British Prime Minister Boris Johnson addressed his party members one last time before Monday evening’s confidence vote. According to a party member, at the closed meeting, Johnson wanted to convince conservative parliamentarians not to vote him out.
The confidence vote has been requested after ‘partygate’, the scandal surrounding parties by government employees during lockdowns.
Johnson warned his party members not to “turn on themselves” and that his resignation would weaken the party. He could restore popular confidence and pointed to his 2019 election victory for the Conservative Party, the biggest in 40 years. If Johnson is allowed to stay on, he has announced tax cuts and will come up with an economic growth plan next week. Johnson closed the speech with a promise that “the best is yet to come.”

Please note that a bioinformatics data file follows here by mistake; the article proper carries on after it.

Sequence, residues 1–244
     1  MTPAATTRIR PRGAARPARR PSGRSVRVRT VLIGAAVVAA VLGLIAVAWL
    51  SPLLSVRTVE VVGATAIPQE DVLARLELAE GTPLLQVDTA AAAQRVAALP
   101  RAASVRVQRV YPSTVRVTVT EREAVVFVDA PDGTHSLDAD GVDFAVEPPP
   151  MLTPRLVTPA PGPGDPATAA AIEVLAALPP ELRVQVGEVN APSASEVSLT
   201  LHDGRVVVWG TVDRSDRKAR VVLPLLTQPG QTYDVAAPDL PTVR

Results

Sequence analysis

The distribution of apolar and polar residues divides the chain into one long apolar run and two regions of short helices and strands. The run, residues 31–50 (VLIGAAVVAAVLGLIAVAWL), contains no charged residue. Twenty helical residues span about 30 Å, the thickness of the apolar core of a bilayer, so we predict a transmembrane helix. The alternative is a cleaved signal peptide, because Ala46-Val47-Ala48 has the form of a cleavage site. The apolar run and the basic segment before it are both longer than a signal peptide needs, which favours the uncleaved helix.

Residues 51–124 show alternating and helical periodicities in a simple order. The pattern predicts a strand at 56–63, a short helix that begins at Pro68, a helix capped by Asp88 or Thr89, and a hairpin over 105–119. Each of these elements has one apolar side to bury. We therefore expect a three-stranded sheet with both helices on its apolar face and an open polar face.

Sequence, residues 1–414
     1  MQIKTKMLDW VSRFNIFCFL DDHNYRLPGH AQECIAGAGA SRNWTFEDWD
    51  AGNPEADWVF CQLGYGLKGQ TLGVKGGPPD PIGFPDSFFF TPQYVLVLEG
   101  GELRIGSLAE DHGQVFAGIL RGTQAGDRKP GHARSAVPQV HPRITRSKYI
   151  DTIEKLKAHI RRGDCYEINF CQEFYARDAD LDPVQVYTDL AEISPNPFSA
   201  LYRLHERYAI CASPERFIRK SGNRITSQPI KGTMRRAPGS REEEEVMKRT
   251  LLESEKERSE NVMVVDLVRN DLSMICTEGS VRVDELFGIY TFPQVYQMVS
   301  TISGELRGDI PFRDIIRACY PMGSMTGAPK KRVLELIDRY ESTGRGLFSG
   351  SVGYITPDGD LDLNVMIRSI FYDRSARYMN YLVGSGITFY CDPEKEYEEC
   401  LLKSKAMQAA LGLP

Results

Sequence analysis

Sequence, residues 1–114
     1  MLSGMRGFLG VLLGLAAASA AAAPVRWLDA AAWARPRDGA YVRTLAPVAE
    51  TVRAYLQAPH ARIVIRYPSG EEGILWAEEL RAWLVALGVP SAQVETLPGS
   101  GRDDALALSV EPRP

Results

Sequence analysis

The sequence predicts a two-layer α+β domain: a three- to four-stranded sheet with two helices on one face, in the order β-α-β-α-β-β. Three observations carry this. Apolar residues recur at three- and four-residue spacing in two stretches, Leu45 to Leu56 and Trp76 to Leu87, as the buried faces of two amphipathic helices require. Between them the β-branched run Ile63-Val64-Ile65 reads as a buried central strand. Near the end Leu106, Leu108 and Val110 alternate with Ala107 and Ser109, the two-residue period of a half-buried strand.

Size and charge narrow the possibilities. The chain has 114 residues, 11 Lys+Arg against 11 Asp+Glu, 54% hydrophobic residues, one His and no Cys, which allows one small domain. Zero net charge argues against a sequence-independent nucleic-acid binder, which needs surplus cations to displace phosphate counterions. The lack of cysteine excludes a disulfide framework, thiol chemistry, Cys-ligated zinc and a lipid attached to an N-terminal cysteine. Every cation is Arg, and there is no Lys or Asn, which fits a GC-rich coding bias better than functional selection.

Many prominent Conservatives expressed support for the prime minister on Monday, but there are also leading Tories who have announced their intention to vote against Johnson. Former minister Jeremy Hunt spoke out for “change in the party” and Douglas Ross, the leader of the Scottish Conservatives, says he no longer has faith in Johnson.
The confidence vote will be held between 7 p.m. and 9 p.m. The results are expected shortly afterwards. Of the 359 Conservative MPs, 180 must vote against the prime minister to effectively remove him as party leader and prime minister. In that case, the party must find a new leader who automatically becomes prime minister.